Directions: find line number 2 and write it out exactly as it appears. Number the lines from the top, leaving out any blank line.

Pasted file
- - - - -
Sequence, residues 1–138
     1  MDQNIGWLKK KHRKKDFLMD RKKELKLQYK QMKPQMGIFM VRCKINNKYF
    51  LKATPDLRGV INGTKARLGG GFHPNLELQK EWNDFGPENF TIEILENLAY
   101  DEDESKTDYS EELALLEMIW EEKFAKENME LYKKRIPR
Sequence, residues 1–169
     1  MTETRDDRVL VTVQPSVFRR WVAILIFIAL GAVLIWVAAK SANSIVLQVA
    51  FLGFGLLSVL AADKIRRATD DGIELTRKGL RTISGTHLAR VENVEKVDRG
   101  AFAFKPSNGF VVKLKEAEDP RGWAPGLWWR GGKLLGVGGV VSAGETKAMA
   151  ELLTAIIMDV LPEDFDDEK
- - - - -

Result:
     1  MDQNIGWLKK KHRKKDFLMD RKKELKLQYK QMKPQMGIFM VRCKINNKYF